Public trust has crashed in the United States, the largest-ever-recorded drop in the Edelman Trust Barometer, a global survey of people’s attitudes toward their home country’s institutions.
According to Edelman, a global marketing communications firm, its trust index among the informed U.S. public fell precipitously from 64 in 2017 to 42 in 2018, a drop of 22 points. This makes Americans the lowest of the 28 countries Edelman surveyed, below Russia and South Africa.
The Edelman Trust Index represents the average percentage of people who trust their government, political institutions, media, and non-governmental organizations (NGOs). Trust among the general populace (as opposed to well-informed people) declined nine points to 43, Edelman said, putting America in the bottom quarter of the 28-country index.
Edelman said the collapse of trust in the U.S. is largely due to a staggering lack of faith in government. According to Edelman’s survey, which has been published every year since 2001, trust in government fell 14 points to 33 percent among the general population and 30 points to 33 percent among the informed public. The three remaining institutions experienced trust declines of between 10 to 20 points.
What does Edelman’s CEO make of these alarming statistics? That the United States “is enduring an unprecedented crisis of trust,” said Richard Edelman. “This is the first time that a massive drop in trust has not been linked to a pressing economic issue or catastrophe like the Fukushima nuclear disaster. In fact, it’s the ultimate irony that it’s happening at a time of prosperity, with the stock market and employment rates in the U.S., at record highs. The root cause of this fall is the lack of objective facts and rational discourse.”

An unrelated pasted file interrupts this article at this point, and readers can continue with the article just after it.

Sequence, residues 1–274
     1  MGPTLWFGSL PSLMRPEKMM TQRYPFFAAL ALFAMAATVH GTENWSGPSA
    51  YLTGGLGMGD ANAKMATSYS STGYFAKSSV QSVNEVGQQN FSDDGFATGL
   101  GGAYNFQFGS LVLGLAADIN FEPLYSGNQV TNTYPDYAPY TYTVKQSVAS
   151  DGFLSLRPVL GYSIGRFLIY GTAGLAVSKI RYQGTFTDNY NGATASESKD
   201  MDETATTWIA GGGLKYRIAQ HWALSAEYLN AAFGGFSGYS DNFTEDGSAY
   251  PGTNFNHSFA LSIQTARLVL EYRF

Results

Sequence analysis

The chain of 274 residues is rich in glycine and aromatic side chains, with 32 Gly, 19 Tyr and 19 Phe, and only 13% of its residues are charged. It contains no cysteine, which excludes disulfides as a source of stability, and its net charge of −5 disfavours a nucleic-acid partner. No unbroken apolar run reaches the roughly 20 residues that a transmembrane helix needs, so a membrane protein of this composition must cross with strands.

Amidst this ugly picture, you might be wondering how it’s possible to run a financial-services business when the public is in such a distrusting mood? Actually, the trust gap may be an opportunity in disguise for financial professionals. Here’s why:
- First, the more people lack faith in their institutions, the more they yearn for a financial professional in whom they can place their trust. If they find such a person (hopefully you.), they will likely be thrilled to be working with that individual and to establish a strong and lasting bond.
- Second, once clients form a trusting relationship in these distrusting times, they’re likely to give their advisor a wide latitude when it comes to accepting his or her financial recommendations. As a result, trusted advisors will enjoy customer interactions with fewer objections and detours—in short, less sales friction—than poorly trusted advisors do.
- Third, trusted advisors will likely experience higher numbers of referrals from their customers, which will reduce their client acquisition expense substantially.
- Fourth and finally, if their clients trust them, they will have less difficulty making cross sales of related products to them. This will increase their revenue per client and have a huge impact on the overall profitability of their firms.
Still, it’s important to remember that even though the external climate of mistrust makes it easier for advisors to reap the benefits of being trusted, it’s still important to create trust in the first place. How? By focusing on five key customer outcomes: credibility, reliability, client focus, transparency, and fiduciary responsibility.
We’ll discuss each of those in greater detail in Part 2 of this series.
For information on affordable E&O insurance for low-risk insurance agents, investment advisors, and real estate broker/owners, please visit EOforLess.com. For information on ethical sales practices, please visit the National Ethics Association’s Ethics Center.